So what do you do then? Like most things you want to do on race day, you need to practice this in training. You need to practice it so much that it just becomes automatic.

In your next workout, try something a little different. When you are late in the workout and want to pour on a little more effort to finish strong, don’t just think “run harder”. Think “quicker steps” or “push off a little harder”.

This won’t absolve you of running harder. You have to push harder to take those quicker steps or to push off a little harder to lengthen your stride. What it does is focus your effort. It points the extra effort you’re expending in a productive direction instead of letting that effort go wherever it may, which often means unproductive directions.

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There is room in the middle https://www.hillrunner.com/there-is-room-in-the-middle/ https://www.hillrunner.com/there-is-room-in-the-middle/#respond Thu, 23 Jul 2020 15:00:00 +0000 https://www.hillrunner.com/?p=68764 Continue reading "There is room in the middle"

This month, I’m going to bring up a couple topics and expand on them a little more than normal for a recap post. Then I’ll throw a bonus link or two at the end. Fewer links, a little more in depth this time.

To start, we all are familiar with hard/easy training. I’ve even written about it here. But isn’t there a value to the middle ground? Isn’t there sometimes a reason to venture off the ends of the spectrum?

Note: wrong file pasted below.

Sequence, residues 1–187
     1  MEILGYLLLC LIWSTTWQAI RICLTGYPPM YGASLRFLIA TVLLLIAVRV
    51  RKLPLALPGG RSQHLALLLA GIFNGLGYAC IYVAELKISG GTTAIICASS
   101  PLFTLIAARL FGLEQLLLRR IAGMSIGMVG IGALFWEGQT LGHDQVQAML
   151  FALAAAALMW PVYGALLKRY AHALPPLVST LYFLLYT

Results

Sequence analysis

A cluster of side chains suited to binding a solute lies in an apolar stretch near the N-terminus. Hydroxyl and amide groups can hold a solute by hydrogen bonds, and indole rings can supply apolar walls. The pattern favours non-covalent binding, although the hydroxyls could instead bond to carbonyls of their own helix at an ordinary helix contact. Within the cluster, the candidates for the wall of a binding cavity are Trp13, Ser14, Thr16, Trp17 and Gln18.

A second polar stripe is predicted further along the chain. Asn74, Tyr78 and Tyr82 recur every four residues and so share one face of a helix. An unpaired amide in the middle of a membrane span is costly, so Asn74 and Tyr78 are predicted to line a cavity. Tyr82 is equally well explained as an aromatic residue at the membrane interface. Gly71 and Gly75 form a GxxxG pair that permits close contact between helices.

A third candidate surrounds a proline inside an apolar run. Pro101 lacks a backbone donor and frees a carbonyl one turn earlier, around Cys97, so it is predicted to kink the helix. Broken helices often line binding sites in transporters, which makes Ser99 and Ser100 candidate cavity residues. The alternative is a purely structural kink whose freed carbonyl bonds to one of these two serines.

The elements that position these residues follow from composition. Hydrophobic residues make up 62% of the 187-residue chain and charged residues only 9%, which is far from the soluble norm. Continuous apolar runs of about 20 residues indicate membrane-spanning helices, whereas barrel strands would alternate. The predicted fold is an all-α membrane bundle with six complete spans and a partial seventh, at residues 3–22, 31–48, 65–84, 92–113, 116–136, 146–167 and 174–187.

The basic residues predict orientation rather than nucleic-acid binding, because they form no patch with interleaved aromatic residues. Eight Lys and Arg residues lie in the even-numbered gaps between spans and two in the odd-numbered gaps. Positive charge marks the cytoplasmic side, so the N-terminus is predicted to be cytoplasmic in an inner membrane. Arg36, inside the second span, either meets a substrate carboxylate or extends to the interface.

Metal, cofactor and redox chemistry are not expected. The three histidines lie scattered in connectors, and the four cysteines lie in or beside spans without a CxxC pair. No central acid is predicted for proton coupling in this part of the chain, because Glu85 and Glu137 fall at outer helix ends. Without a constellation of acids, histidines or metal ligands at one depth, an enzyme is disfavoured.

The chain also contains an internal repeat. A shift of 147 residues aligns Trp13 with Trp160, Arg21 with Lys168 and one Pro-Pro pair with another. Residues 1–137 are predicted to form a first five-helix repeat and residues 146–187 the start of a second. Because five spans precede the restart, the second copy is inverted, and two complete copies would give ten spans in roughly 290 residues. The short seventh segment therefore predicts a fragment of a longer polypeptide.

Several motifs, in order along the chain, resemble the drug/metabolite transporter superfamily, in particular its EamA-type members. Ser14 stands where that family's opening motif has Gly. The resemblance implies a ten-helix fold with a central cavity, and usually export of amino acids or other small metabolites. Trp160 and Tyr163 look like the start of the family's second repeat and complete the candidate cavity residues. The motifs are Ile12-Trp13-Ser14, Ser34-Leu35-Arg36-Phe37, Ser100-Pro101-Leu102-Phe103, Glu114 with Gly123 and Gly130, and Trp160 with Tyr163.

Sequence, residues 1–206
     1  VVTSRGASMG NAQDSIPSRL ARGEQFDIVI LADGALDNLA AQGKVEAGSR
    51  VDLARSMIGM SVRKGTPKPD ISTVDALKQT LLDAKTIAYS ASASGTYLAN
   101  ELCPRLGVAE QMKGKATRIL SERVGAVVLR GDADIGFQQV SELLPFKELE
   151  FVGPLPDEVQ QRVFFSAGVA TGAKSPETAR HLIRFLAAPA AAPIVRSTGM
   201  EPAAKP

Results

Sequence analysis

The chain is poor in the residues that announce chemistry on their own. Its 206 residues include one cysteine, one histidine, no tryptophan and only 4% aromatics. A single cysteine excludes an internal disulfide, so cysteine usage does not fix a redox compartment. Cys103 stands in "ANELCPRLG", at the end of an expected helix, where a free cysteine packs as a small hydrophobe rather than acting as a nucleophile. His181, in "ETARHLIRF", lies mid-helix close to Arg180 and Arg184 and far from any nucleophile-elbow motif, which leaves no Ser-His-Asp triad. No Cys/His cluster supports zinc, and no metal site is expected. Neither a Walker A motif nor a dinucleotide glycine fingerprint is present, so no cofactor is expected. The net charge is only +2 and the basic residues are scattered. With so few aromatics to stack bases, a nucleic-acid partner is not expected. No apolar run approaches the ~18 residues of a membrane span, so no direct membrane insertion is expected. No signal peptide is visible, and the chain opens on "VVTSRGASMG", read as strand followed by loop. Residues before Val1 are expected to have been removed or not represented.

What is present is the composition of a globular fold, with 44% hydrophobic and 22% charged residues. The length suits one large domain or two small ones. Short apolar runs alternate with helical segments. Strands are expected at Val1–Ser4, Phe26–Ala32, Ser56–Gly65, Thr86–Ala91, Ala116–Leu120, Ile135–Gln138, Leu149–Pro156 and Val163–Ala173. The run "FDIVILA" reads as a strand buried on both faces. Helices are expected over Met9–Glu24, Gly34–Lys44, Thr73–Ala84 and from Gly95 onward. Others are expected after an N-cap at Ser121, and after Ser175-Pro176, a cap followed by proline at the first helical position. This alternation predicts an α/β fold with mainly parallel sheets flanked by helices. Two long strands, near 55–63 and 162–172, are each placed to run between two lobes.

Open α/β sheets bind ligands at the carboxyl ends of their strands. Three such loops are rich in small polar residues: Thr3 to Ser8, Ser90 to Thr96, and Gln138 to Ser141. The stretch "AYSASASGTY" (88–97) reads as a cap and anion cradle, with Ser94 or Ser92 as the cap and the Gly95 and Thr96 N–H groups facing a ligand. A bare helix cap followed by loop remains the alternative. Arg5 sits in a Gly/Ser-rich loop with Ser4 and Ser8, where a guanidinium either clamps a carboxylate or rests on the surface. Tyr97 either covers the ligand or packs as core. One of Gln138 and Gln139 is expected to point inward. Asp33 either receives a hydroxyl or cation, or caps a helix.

Yes. I’ve personally always been a fan of sometimes going with moderate workouts. Especially right now, when we don’t know exactly when our next big race will be, I’ve become an even bigger fan.

Well, two sources I like to read both recently tackled this topic, from slightly different perspectives that I think are both very practical. I’ll let their perspectives stand and throw in a third perspective I don’t think either has fully addressed and I’ve found myself using personally.

When I was younger, it was no big deal to do 3 truly hard days a week. My primary workout would be on Tuesday, a secondary but still hard workout would be on Thursday, then the long run which I would make downright grueling at times would be on Saturday. As I get older, I just can’t do that anymore.

But I can still get in 2 truly hard days a week, the Tuesday primary workout and the Saturday long run. On Thursday, I find that I sometimes can do something but it can’t be another truly hard day. So a moderate day fits in there well. Maybe a tempo run at a quick but not hard effort, maybe something like 3-5 miles at around marathon effort. Maybe a few short repeats like 4×400 at 5K effort or even 4×160 at 3K effort, not a grueling 12×400. This is a case where that moderate day fits well and I’ve also used something similar with the runners I coach with a good amount of success.